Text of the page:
Companion Plants for Potatoes

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Using companion plants for potatoes can help your potatoes grow and taste better. Growing potatoes is very rewarding in a garden. They provide a good amount of food that can be made into all kinds of yummy dishes.

Companion planting is used by gardeners to help keep pests away from their crops and to help their crops grow better. And using companion plants with potatoes can help fight disease, keep away pests, invite beneficial insects, improve flavor, and add needed nutrients to the soil.

The Best Companion Plants for Potatoes

  • Alyssum
  • Basil
  • Beans
  • Bok Choy
  • Broccoli
  • Cabbage
  • Chamomile
  • Corn
  • Garlic
  • Green Beans
  • Horseradish
  • Kale
  • Lettuce
  • Marigolds
  • Mint
  • Parsley
  • Petunias
  • Radishes
  • Sage
  • Scallions
  • Thyme

Basil and Parsley make good companion crops for potatoes because they help improve the flavor of the potatoes. In addition to the better flavor, they also attract insects that will help with pollination and control your pests. Find other companion plants for basil here.

Beans help keep away potato beetles and in turn receive the benefit of potatoes keeping Mexican bean beetles away.

Related Reading: Companion Plants for Green Beans

Bok Choy has a shallow root system and can be a good space saving companion plant for potatoes. Find other companion crops for Bok Choy here.

Broccoli: Potatoes help improve the flavor of broccoli when using them as companion plants for broccoli.

Garlic can provide anti-fungal properties to the soil.

Lettuce can be planted with potatoes in a unique stacking way. You can plant lettuce between your potato plants, they will not compete with root space. This is a great option when you have a small garden or if you are growing vegetables in containers as you can put the lettuce around your potato plant in the container.

Kale doesn’t compete for the same nutrients as potatoes, so it makes a good companion plant for potatoes. You can find more companion plants for kale here.

Mint can help keep harmful insects off your potatoes and bring in beneficial predatory insects. If using mint as a companion plant for potatoes, do not use parsley, as these two herbs do not grow well together.

Cabbage and Corn both are said to help give your potatoes better flavor when grown as companion plants with potato plants.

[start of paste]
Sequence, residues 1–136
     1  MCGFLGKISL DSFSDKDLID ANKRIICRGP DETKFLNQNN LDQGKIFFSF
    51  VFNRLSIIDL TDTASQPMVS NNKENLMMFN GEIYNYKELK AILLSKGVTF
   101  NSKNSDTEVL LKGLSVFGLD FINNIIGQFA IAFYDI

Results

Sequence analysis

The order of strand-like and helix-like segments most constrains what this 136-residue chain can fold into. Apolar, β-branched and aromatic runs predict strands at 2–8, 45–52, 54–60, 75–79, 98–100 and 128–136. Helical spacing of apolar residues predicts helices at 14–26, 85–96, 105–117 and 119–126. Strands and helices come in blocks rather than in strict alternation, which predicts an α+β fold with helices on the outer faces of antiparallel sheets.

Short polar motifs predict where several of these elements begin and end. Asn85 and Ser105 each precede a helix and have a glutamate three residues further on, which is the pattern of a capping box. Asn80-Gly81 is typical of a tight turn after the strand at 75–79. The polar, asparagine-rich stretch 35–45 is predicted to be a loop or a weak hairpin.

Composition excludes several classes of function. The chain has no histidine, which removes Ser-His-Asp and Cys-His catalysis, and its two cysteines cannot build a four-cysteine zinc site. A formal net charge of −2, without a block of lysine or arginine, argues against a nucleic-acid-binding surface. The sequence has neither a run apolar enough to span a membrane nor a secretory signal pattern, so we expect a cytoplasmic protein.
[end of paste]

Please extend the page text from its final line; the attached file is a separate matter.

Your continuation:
Green beans are great to grow with potatoes. They add nitrogen to the soil, this will help you get a better potato harvest. And green beans help the flavor of your potatoes that grow. The potatoes also give a great benefit to green beans, and that’s repelling Mexican beetles. Find out the different types of green beans you can grow.

Horseradish does have a deeper root system. While it isn’t generally good to plant anything with potatoes that could compete with the root system, horseradish is an exception to that rule. It is a great companion plant for potatoes due to it being a great disease and pest repellent. It also has a third benefit of helping with soil pH.

Sage helps to keep flea beetles away from your potato plants.

Marigolds work great as a companion plant around the area you plant your potatoes, as they will attract pests that would normally go for your potato plants.

Thyme, when used as a companion plant for potatoes, is able to help repel the potato beetle which can cause major issues with a potato crop.

What can you not plant next to potatoes?

  • Asparagus
  • Beets
  • Carrots
  • Cucumber
  • Dill
  • Eggplant
  • Fennel
  • Kohlrabi
  • Onions
  • Peppers
  • Pumpkin
  • Radishes
  • Raspberries
  • Sunflowers
  • Spinach
  • Squash
  • Tomatoes
  • Turnips
  • Zucchini

Asparagus, if used as a companion plant for potatoes, stunts the growth of potatoes, always plant these away from your potato plant.

Cucumber, Pumpkins, Squash, and Zucchini all will make your potato plants get blight as it will transfer and these vegetable plants are susceptible to blight.

Related Reading: Companion Plants for Cucumbers

Carrots, Onions, Turnips, Radishes, and Sunflowers all can cause stunted growth of your potatoes due to competition of root space.

Tomatoes compete with potatoes for the same nutrients in the soil. Also, blight is another concern with tomato plants being close to the potato plants. Find companion plants for tomatoes here.

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